Growing Up With Titanic

It remains one of my favourite films of all time, for how it meant different things to me at different stages in my life

Titanic releases in cinemas once again today. To the world, Titanic is an epic, the highest grossing film ever for decades, the movie with the highest number of Oscars. For me, it is all of the above, and a beautiful part of my own coming of age.

It remains one of my favourite films of all time, for how it meant different things to me at different stages in my life. I would describe Titanic as an abstract painting, which I went back to look at every few years, by pure coincidence. Each time, it communicated something new to me. A new dimension in storytelling, the exploration of an emotion I hadn't felt before, a deeper study of character. This realisation held a mirror to my own self, like the painting smiling back at me and saying, 'look, you've grown up since the last time you were here.'

The first time I saw Titanic was at age 6, on my TV. My eyes went wide at the scale of the ship and its grandeur. They went equally wide at the shots of it drowning, the water overflowing inside, all the explosions. The visual themes in the movie penetrated the depths of my brain, but the emotional themes completely escaped my understanding. I saw the ship sinking, but I did not understand 'destruction'. I saw people dying, but I did not understand 'death'. At that age, Titanic was a visual treat. I still remember trying to explain to my friends the way the ship sank, the way water gushed into its rooms, all the angles and the monster speed. It was something I had never seen before, a magnanimous disaster, a phrase of which I could only acknowledge the first half.

At age 12, I watched the movie again. I was flipping through channels and happened to catch the movie just starting. This time around, the helplessness of the characters moments before death reached my consciousness. Some of them accepted their fate with absolute horror and some with silent resignation, and I could perceive both. I think I might have gotten the slightest clue of what it meant for a ship of that scale to sink, for 1500 people to die in one incident. It was also the time I found out it was a real event. The visual aspects took a back seat this time, as I tried to process the emotional heft this movie left me with.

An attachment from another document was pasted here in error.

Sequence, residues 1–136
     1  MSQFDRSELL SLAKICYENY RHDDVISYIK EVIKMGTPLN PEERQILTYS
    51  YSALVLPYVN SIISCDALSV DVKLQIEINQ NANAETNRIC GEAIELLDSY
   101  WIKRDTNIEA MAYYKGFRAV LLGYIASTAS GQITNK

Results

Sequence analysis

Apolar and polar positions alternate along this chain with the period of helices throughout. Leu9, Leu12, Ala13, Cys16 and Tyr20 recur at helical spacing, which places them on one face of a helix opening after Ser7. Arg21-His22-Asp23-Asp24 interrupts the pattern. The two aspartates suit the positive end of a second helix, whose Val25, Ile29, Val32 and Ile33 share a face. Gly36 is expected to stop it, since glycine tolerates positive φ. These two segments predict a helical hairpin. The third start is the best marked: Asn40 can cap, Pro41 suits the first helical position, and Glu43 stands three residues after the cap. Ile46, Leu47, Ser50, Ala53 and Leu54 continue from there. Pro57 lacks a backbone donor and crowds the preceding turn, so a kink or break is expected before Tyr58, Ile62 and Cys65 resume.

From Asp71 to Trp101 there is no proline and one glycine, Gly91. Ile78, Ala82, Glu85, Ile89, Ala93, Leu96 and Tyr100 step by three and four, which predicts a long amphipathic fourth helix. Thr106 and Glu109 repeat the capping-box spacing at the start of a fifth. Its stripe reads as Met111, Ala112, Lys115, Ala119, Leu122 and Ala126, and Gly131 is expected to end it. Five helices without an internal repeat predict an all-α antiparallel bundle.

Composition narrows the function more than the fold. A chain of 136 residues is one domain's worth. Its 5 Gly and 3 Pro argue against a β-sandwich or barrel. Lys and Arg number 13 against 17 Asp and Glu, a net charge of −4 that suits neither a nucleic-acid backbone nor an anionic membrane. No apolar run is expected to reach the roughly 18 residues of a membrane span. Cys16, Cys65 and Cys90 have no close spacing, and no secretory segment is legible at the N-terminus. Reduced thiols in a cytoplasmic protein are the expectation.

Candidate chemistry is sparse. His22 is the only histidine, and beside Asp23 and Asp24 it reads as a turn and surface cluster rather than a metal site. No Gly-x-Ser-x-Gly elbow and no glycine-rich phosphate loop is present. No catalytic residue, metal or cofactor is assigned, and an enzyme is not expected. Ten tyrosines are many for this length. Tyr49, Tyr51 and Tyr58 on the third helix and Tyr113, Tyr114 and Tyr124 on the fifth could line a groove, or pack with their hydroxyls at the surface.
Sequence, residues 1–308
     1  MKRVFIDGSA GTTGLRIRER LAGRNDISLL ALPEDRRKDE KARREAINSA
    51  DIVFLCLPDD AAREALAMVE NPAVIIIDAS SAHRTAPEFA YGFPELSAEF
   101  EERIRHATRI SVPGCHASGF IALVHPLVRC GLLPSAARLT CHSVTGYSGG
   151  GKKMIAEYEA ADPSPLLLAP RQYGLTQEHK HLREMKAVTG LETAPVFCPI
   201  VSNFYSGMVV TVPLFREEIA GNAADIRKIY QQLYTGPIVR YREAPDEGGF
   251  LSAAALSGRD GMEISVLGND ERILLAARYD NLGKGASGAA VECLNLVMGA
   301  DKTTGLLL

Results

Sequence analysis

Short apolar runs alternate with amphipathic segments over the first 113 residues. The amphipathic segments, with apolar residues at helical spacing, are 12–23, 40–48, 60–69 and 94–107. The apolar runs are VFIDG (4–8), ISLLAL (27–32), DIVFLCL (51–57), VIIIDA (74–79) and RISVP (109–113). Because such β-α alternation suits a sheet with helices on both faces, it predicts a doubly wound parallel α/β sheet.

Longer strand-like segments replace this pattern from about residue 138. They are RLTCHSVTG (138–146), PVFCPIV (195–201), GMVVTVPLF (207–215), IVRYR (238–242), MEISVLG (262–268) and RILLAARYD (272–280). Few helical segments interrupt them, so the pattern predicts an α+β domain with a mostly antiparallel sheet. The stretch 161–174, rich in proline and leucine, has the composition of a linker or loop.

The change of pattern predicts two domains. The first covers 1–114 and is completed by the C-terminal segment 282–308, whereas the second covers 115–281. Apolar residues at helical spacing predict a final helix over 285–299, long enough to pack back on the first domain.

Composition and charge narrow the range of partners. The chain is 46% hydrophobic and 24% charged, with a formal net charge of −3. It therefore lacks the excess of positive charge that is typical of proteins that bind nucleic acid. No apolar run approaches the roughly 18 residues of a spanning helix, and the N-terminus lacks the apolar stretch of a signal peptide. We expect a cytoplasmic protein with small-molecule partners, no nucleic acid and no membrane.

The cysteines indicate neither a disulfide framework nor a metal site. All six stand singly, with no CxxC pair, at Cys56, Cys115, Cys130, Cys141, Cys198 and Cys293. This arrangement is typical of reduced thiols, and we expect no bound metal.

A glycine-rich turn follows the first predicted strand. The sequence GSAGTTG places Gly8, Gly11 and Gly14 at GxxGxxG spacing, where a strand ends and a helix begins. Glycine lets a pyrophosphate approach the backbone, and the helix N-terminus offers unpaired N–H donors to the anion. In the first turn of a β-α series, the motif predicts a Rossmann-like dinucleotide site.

The next time I saw Titanic was at 16, fresh out of school and eager to enjoy every moment of my free time before starting university. I was also flipping channels this time, something I seemed to do a lot; and stopped at this shot of Leonardo Dicaprio's eyes from behind a canvas. In the movie, this is a shot from Rose's recollection of Jack after finding his drawing of her. Those were the most beautiful pair of eyes I had ever seen. Something about them hit me different this time, rendering me incapable of switching the channel. This time when I watched Titanic, what I discovered – tucked away from the chaos onboard like treasure – was a love story.  A love story so innocent yet so resilient, so short-lived yet so timeless. From finding a man beautiful to realizing beauty in itself is genderless, from witnessing age-old class segregation to cheering when love rose above that; Titanic gave me many of my movie-firsts. The love story itself may have been modelled after a trope – 'rich girl who lives a suffocated life meets poor boy who shows her freedom' – but it adds emotional realness and layers to the trope, making us root for the characters and even become their companion in heartbreak when the tragic farewell does come. It attempts to chronicle Rose's journey after the Titanic sank, giving us the feeling of having watched a person's life and not just a movie. I still remember when I went to sleep that day, I replayed the entire movie in my mind. Every shot, every frame; something I have not felt with many movies in my life.

The next time I fully watched Titanic was at probably 18 or 19, during my vacation from university. Discussions about 'representation of women in media' and 'female objectification and the male gaze', were making their way from the pages of think pieces to the everyday lives of young people. I was beginning to understand the presence of a systemic problem in movie sequences that made me uncomfortable. It was around this time that the portrayal of nudity in Titanic helped me navigate the thin line between eroticism and objectification. Nudity was used to express intimacy and vulnerability within the context of a scene that could have very easily turned distasteful and sleazy, but instead stands as a note-worthy example of portraying female nudity without resorting to objectification. While the line 'draw me like one of your French girls' has the potential to seem corny, it can be easily ignored in the good spirit of things this movie does right.

It surprises me when I think about all the things I learnt, while growing up watching Titanic; a movie that is truly as deep and wide as the ocean itself. It must be lauded for achieving the rare feat of being absolutely entertaining and emotionally gripping, on a universal level. As I said, Titanic is many things, but to me it will always be a movie that so gracefully unraveled itself to me over time, both as a simple love story and a sweeping epic, all to the tune of Celine Dion's 'My Heart Will Go On.'

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